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Getty Foundation announces int’l fellowships

The Getty Foundation, which exists to “advance the understanding of visual arts”, has announced the recipients of its inaugural Art History international fellowships, which it is running in conjunction with the American Council of Learned Socieities.

The Getty Center in Los Angeles is the base for the global organisation, though the fellows will not need to travel to LA. Photo: The J. Paul Getty Trust

The fellows are studying in the US, Canada and Italy

Both organisations are US-based, with Getty in California and ACLS in New York, but the fellowships are not residential, and are designed “to encourage diverse, international perspectives”.

“As our collaboration with ACLS continues, we hope to further expand our reach”

The fellowship is worth $60,000 plus $5,000 for research and travel expenses. The “ultimate goal” of the fellowship is described as a “major piece of scholarly work by the applicant”.

The 10 fellowships are spread across three nations, with students who are studying in the US, Canada and Italy. However, the nationality of the students receiving the fellowships increases the international breadth of the awards. The fellows include Art History researchers from Iran and and Turkey, as well as the US and Italy.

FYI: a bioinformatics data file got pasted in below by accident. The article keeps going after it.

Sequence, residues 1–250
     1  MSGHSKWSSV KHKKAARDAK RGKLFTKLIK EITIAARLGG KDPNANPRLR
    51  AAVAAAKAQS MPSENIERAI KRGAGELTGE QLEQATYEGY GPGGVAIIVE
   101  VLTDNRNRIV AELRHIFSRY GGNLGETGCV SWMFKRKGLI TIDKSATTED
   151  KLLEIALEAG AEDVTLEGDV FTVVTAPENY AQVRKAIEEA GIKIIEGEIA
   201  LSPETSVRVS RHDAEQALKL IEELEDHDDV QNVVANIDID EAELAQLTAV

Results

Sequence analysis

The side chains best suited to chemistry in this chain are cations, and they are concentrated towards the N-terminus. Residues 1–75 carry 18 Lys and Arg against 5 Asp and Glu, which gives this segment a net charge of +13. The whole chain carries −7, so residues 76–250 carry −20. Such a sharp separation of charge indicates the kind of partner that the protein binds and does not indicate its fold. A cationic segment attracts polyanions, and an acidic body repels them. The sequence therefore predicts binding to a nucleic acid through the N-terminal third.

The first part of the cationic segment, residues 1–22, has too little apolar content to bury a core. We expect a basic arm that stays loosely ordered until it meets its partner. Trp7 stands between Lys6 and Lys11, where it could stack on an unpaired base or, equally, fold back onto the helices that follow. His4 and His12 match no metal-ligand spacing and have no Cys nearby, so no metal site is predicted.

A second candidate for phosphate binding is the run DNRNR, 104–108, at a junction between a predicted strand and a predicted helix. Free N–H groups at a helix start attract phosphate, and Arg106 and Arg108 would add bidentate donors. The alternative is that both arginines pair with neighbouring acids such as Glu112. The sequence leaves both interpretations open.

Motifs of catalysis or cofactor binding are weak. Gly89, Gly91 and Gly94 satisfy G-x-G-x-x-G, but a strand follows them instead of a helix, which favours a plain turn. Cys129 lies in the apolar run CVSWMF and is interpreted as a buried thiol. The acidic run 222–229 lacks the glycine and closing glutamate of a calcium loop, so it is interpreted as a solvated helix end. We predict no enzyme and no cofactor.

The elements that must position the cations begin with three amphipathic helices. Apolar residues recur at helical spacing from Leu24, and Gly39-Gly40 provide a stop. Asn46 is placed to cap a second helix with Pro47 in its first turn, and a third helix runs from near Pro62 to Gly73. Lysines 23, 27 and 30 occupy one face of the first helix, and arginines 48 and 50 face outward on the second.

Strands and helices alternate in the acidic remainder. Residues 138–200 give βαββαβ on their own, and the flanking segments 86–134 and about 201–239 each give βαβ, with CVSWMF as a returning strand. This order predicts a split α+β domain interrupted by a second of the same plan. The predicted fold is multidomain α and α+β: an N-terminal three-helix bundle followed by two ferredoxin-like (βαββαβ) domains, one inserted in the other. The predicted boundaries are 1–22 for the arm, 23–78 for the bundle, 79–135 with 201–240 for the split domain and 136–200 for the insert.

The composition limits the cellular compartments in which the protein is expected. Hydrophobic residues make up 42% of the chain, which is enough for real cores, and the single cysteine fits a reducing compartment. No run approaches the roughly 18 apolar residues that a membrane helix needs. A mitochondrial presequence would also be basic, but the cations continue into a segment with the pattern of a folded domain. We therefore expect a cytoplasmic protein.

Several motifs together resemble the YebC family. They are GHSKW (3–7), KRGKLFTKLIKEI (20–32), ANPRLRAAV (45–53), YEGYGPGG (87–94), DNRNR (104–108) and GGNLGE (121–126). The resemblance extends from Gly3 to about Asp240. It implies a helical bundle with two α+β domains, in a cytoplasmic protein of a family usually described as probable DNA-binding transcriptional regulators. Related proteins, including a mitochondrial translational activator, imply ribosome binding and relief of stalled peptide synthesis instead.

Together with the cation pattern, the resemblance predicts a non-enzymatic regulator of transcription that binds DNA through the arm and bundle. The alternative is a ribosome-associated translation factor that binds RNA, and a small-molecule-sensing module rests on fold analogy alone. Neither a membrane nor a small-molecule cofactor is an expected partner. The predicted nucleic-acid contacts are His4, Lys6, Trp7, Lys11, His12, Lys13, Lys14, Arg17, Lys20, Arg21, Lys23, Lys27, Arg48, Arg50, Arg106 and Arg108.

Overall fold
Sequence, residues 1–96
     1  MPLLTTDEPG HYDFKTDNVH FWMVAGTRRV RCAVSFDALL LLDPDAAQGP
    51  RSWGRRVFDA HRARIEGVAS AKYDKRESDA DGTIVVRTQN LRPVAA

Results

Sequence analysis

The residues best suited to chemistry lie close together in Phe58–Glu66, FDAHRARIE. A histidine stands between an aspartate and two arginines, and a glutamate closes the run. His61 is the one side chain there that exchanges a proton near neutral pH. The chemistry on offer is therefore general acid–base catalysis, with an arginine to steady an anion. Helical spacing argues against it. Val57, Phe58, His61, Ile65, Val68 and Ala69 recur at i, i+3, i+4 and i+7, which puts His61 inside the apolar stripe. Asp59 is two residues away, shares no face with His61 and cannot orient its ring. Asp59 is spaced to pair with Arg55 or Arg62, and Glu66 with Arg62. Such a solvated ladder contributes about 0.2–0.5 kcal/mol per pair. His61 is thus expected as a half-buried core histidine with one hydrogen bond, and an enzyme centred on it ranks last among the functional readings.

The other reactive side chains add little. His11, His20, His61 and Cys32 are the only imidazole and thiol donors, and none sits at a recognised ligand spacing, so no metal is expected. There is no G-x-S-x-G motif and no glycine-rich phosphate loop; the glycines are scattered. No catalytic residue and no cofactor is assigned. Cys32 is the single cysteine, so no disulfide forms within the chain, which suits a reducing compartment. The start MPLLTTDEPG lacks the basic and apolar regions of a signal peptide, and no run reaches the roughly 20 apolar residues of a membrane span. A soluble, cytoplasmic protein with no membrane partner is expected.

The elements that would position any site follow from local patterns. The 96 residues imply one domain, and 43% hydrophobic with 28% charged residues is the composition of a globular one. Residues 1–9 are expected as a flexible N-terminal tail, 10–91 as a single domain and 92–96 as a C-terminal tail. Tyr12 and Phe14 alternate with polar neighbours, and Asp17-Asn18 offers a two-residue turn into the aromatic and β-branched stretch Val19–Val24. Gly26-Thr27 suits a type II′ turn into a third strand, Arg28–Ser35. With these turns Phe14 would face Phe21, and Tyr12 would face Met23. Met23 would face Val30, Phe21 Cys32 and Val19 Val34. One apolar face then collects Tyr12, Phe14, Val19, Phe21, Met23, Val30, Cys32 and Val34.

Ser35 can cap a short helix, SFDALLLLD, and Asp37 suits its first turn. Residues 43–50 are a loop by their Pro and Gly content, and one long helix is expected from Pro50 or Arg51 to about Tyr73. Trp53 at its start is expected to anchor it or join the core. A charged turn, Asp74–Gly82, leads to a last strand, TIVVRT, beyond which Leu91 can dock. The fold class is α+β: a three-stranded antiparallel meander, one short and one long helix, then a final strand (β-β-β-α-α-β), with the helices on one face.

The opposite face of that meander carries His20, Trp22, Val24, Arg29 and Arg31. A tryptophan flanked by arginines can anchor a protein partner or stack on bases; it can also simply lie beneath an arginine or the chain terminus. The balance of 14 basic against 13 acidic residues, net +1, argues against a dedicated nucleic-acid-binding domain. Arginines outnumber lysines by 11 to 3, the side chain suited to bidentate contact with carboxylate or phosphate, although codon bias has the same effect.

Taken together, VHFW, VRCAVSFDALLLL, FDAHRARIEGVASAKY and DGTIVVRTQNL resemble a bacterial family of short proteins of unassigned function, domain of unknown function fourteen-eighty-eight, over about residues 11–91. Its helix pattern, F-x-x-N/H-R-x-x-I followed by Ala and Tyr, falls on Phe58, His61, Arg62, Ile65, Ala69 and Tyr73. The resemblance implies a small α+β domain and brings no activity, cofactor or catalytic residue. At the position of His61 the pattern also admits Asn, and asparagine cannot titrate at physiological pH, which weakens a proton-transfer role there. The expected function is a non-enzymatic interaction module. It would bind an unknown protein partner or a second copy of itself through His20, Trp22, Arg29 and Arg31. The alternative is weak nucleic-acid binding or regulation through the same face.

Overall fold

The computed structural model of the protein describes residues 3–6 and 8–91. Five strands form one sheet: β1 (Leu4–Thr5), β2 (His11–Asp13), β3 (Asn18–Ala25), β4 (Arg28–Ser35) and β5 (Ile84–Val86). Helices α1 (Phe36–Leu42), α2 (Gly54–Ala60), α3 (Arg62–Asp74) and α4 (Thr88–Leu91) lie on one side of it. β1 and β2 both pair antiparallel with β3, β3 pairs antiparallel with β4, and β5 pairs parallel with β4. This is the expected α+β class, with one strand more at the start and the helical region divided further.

Talking to The PIE News, Deborah Marrow, director of the Getty Foundation, said the international perspective was “vital” to both the mission of theJ. Paul Getty Trust, and the postdoctoral fellowships program.

This [international] approach is vital because it allows our audiences to better understand and appreciate the complex, diverse, and important historical and artistic connections across cultures and borders,” she said. 

Marrow made it clear that the fellowship program, and Getty’s relationship with the ACLS, is just beginning, and therefore the Foundation hopes to be able to expand the program in the future.

“As our collaboration with ACLS continues, we hope to further expand our reach and welcome fellows from many other parts of the world. It is this international diversity that will bring new and exciting scholarship to the field of art history,” she said. 

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